Seawalls are Not Enough: Climate Change and U.S. Interests

by Andrew Guzman

For too many years American climate change debates were political contests in which scientific evidence took a back seat to political posturing, obfuscation, and ultimately, inaction. Today, the science demonstrating that our world is warming and that humans are a primary cause of this warming is unambiguous. Though there remain a few public voices willing to deny the evidence, the credibility of their objections fades with each new development and the ever-mounting evidence.

Now that the public discourse has accepted the reality of climate change, the discussions have turned to focus on possible responses to the problem and the costs of those responses. Even where there is consensus on the existence of climate change, there is often disagreement about what should be done. The most common objections to action point to the costs that would be involved. For example, critics of the Waxman-Markey cap-and-trade climate change bill have claimed that it would cost the average American household $1,870 per year. There is little evidence to support this figure, but it has entered the political discourse nonetheless. On the other side of the debate, proponents of the bill point to a Congressional Budget Office report suggesting that the bill will cost the average family less than one-tenth of that – just $160 per year.

This debate over the costs of action is critical, but it cannot guide policy by itself. We also have to understand the costs that climate change will impose. What will it cost the United States if the Earth warms?

Professor Jody Freeman and I investigated this question in our recent article, Climate Change and U.S. Interests, published in the Columbia Law Review. We sought to estimate the full cost of climate change on the United States. The article is in part a response to the view, advanced in some fora, that the United States can afford to be passive with respect to emissions reductions. The idea is that the U.S. will suffer very modest economic harms as a result of climate change – indeed, some suggest that the country may enjoy small economic gains – and so has little incentive to bear any costs to reduce global warming.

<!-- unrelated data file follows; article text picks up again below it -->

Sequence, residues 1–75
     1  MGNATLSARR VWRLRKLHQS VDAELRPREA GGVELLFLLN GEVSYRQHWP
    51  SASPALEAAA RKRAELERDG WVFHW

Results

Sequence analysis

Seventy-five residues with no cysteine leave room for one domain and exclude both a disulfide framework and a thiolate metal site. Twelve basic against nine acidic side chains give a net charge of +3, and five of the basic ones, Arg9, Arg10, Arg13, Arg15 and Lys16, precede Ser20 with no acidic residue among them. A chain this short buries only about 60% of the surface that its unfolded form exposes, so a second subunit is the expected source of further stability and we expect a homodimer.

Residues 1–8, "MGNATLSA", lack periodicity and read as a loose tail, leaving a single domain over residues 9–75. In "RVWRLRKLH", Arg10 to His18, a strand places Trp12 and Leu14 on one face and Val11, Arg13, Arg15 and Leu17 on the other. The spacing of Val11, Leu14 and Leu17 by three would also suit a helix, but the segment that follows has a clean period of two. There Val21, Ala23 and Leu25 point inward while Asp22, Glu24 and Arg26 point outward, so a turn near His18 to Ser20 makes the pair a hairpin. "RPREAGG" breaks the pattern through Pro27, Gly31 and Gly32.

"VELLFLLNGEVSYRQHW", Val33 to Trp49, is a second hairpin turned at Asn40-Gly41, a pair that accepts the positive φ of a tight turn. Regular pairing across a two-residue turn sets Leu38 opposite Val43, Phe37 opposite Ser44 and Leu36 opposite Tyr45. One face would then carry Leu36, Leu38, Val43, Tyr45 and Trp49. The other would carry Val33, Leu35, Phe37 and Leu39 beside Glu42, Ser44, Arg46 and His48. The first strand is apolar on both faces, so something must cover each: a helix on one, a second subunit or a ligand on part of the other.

We dispute this conclusion, which emerges from “integrated assessment models” (IAMs) of the economy. We do not challenge the models themselves or the economists who use them, but we object to how the results of these economic studies have been used in policy debates. The translation of IAMs from academic research to policy-relevant evidence too often overlooks two main points. First, IAMs are systematically biased downward in their estimates because they omit a range of economic harms that will be felt as the earth warms. Second, the assumptions used in the IAMs are often forgotten when the results are considered in policy debates, and results are simplified in ways which aggravate the downward bias of estimates.

To get a better estimate of the likely impact of climate change, our article examines several ways in which the standard IAMs omit important costs or have their results misinterpreted in policy discussions. It explains that existing estimates systematically understate the likely economic impact of climate change, and provides rough estimates of what a more complete accounting would reveal.